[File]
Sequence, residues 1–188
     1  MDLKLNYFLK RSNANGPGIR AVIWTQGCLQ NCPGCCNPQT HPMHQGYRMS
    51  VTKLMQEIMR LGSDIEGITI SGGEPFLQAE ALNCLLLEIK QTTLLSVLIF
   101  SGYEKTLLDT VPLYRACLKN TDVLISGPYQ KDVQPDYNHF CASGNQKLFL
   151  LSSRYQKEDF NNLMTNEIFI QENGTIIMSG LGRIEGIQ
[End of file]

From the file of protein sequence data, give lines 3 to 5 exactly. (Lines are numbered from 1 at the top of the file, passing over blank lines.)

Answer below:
    51  VTKLMQEIMR LGSDIEGITI SGGEPFLQAE ALNCLLLEIK QTTLLSVLIF
   101  SGYEKTLLDT VPLYRACLKN TDVLISGPYQ KDVQPDYNHF CASGNQKLFL
   151  LSSRYQKEDF NNLMTNEIFI QENGTIIMSG LGRIEGIQ